The Landmarks Preservation Commission (LPC) is open to revisiting the idea of making the Riegelmann Boardwalk a scenic landmark, reports the New York Daily News.
Last year, the LPC rejected Councilman Mark Treyger’s bid to grant the Coney Island boardwalk landmark status – an effort to stall the city’s project to replace its tropical wood planks with textured plastic – in what the councilman described as an “insulting form letter.” The LPC posited that Coney Island’s most important history precedes the boardwalk – which was built in 1923 – and that the structure has been altered too much since its construction to be designated a landmark.
Treyger told us that he contested the LPC’s reasoning at a recent land-use budget hearing, pointing to the fact that before the city purchased Coney Island at the turn of the century, it was privately owned land marked by exclusivity and intolerance. Bath houses were segregated by blacks and whites, and waterfront hotels were off limits to Jews.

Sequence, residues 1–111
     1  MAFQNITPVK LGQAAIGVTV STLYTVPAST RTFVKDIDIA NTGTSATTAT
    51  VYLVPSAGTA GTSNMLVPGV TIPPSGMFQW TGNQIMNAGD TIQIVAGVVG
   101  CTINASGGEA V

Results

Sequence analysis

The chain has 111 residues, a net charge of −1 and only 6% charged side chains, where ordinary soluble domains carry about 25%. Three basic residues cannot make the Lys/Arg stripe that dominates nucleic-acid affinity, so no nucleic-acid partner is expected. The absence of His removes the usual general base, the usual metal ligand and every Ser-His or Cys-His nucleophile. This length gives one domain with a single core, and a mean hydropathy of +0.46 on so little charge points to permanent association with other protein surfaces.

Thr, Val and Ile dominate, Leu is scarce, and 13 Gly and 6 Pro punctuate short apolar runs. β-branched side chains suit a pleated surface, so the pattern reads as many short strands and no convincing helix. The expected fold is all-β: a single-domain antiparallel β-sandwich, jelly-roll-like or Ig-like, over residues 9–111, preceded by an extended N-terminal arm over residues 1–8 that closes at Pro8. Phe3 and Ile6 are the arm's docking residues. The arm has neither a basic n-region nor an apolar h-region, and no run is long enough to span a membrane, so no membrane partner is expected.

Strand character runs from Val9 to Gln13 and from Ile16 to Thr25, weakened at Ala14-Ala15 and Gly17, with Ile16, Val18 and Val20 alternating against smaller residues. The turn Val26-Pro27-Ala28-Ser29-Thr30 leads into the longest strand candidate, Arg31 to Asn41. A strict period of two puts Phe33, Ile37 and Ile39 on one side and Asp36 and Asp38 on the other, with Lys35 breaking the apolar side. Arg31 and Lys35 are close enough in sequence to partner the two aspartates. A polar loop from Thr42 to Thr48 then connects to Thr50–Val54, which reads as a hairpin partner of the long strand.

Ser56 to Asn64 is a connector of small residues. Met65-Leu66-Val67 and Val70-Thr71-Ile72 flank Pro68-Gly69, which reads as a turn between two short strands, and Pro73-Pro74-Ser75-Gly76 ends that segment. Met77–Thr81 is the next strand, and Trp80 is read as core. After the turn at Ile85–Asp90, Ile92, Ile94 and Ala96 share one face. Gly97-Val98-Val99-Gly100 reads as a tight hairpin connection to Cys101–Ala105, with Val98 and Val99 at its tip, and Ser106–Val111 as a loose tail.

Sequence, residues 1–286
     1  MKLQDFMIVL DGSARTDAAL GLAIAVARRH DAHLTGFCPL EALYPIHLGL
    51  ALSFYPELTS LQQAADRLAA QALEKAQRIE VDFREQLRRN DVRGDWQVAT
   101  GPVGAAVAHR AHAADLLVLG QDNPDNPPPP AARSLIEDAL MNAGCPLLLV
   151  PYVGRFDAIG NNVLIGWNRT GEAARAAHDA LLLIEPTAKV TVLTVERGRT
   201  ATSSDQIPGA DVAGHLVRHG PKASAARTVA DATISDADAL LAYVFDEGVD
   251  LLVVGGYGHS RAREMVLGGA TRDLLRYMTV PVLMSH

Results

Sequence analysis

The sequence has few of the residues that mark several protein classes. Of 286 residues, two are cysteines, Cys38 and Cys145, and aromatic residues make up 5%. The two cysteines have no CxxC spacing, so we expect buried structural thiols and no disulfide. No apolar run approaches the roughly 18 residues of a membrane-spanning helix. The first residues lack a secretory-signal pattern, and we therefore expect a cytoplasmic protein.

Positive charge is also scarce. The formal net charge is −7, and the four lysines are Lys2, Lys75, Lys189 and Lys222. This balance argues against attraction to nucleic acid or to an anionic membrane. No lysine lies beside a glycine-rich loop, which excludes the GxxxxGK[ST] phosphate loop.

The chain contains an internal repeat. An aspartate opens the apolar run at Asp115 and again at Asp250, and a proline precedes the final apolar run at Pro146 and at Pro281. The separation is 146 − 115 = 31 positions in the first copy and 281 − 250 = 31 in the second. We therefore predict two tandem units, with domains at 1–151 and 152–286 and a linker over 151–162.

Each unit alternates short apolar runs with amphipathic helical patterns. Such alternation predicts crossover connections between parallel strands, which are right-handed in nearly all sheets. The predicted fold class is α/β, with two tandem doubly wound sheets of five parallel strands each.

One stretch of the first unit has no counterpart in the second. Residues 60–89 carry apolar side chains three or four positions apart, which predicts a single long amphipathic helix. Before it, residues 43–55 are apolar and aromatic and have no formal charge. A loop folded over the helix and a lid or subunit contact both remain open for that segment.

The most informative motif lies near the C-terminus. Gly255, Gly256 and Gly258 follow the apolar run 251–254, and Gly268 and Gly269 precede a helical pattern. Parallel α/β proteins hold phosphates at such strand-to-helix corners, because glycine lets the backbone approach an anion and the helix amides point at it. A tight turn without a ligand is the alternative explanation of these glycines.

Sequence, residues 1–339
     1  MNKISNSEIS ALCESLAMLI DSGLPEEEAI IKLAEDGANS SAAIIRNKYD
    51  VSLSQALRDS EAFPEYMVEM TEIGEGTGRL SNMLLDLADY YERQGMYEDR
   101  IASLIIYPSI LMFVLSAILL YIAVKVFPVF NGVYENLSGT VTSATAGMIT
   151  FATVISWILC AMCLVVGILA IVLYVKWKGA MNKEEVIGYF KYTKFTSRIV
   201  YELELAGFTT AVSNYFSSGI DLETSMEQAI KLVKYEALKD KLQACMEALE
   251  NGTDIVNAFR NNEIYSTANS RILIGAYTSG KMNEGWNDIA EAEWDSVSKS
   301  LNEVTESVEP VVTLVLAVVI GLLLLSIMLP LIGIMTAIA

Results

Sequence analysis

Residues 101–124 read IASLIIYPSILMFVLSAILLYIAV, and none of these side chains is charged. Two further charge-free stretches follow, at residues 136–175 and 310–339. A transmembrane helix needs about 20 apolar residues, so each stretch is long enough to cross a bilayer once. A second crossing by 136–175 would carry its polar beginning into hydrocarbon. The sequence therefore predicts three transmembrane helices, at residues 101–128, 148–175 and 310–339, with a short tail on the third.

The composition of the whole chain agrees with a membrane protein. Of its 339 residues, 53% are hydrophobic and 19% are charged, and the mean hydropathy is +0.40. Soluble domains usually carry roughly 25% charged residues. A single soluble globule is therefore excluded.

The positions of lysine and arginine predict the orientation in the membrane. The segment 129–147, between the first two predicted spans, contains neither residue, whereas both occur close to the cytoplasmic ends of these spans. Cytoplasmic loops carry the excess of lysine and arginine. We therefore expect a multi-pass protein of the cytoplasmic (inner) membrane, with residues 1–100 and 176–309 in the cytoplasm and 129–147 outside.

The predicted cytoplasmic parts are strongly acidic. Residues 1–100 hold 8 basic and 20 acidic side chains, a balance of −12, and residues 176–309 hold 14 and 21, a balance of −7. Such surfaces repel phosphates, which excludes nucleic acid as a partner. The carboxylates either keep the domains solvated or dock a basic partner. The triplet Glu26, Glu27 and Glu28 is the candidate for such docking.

The building of the boardwalk in 1923 marked a turning point for Coney Island, when it became open to all, Treyger said.
“I strongly disagree with their assertion that most glorious era in Coney Island history predates the boardwalk,” said the councilman. “[The boardwalk] was really our stamp of liberation, and integration, and diversity, and it’s become a beacon for immigrant families from all over the world who have travelled there and visited there.”
Treyger also highlighted how two of the city’s three scenic landmarks, Ocean Parkway and Central Park, have also been considerably altered over the last century, addressing the second charge.
LPC Chairwoman Meenakshi Srinivasan responded at the meeting that she would be willing to revisit the issue, according to the councilman.
A spokesperson for commission confirmed to the Daily News, “If significant new information is submitted, the commission will review it.”
Treyger said he plans to restate his arguments at a future meeting with the LPC, citing research by historian Charles Denson in his book Coney Island: Lost and Found.
In November, the Parks Department began construction replace the boardwalk’s planks, claiming that the tropical wood is too costly to maintain and not durable enough to withstand extreme weather events.